Berman said that the Jewish tradition’s core values of ahava (love), chessed (compassion) and tzedek (justice) inform all the activities on the farm, which, he added, seek to strengthen young people’s bodies, minds, hearts, and souls. Urban Adamah also practices age-old Jewish customs such as Bal Taschit (do not waste), Shmita (letting the land rest), Peah (leaving the corners of the field for the poor), and Tzaar Baalei Chayim (preventing cruelty to animals), all carried out amid the environmental and social realities of a 21st Century urban farm.

Most of the farm’s harvest is intended for local food banks and homeless kitchens; Berman hopes the plots produce about 8,000 pounds of edibles this year. In the near future he plans to approach restaurants in the immediate area for food scraps to feed the farm’s chickens and add to the soil.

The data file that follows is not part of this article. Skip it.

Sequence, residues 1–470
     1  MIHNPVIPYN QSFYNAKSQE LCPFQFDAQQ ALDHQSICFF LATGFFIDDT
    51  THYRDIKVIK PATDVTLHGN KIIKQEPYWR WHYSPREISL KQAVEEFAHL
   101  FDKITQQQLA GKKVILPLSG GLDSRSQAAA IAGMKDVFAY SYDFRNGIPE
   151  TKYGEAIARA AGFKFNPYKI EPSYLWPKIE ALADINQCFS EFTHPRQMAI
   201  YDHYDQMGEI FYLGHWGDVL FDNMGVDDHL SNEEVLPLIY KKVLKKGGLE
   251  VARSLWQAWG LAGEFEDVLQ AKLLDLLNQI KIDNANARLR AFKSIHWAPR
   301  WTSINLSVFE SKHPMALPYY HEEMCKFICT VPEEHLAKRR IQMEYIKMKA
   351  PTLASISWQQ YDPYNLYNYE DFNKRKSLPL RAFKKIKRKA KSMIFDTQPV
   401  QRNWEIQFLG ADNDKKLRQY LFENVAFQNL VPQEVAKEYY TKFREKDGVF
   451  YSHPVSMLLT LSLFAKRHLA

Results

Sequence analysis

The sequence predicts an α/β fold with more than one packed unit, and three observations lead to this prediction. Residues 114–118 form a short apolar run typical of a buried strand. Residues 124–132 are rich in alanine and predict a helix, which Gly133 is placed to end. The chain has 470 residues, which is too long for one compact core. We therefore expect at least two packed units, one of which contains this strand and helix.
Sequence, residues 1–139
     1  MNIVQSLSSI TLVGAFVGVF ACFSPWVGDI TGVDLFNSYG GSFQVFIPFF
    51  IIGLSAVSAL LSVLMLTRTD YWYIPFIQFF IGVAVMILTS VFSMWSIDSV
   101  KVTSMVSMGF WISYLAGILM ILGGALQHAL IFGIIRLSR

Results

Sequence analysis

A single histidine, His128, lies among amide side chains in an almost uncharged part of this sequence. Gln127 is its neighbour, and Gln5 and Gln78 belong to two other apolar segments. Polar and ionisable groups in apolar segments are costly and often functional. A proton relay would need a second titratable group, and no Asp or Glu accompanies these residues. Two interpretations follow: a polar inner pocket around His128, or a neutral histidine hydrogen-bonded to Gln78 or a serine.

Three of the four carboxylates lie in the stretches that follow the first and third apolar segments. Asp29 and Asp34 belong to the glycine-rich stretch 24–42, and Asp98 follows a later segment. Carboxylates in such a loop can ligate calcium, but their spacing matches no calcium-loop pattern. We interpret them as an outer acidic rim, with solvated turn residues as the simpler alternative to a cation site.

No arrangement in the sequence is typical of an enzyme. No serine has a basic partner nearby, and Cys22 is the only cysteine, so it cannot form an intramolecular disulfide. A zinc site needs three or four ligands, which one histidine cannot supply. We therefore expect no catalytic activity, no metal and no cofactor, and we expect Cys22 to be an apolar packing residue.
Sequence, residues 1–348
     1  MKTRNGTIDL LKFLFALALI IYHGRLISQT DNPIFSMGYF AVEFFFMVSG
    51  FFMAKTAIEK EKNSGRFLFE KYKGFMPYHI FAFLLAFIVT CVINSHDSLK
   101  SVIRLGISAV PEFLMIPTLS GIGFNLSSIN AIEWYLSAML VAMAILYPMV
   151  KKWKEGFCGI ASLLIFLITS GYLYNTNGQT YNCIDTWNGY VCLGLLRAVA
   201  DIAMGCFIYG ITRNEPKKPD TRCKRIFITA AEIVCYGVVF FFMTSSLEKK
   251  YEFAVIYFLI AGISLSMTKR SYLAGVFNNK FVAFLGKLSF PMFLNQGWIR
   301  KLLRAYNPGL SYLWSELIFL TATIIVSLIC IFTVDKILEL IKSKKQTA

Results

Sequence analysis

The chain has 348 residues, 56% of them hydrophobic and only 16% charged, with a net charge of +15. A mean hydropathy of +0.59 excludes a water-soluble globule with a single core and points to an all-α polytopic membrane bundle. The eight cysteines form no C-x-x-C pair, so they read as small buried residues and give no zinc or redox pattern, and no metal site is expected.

The annual budget for the farm is around $360,000. Public programs are slated to bring in about $15,000 a year and fellows pay $1,200 each to attend the leadership training, but Berman still needs to raise significant funds to keep the nonprofit farm afloat. To date, core support has come from The Dorot Foundation, Walter and Elise Haas Fund, Nathan Cummings Foundation, Repair the World, Saal Family Foundation and UpStart Bay Area.

Summer crops at Urban Adamah in West Berkeley: Photo: Christina Diaz

Berman got one lucky break: land owner Wareham Development agreed to host the farm rent-free for two years on the previously vacant lot. Hence the mobile feel to the farm: all crops are grown in above-ground pallet boxes, the chicken coops are on wheels, classes are held in tents and the greenhouses can be moved too, should a relocation prove necessary when the current lease is up.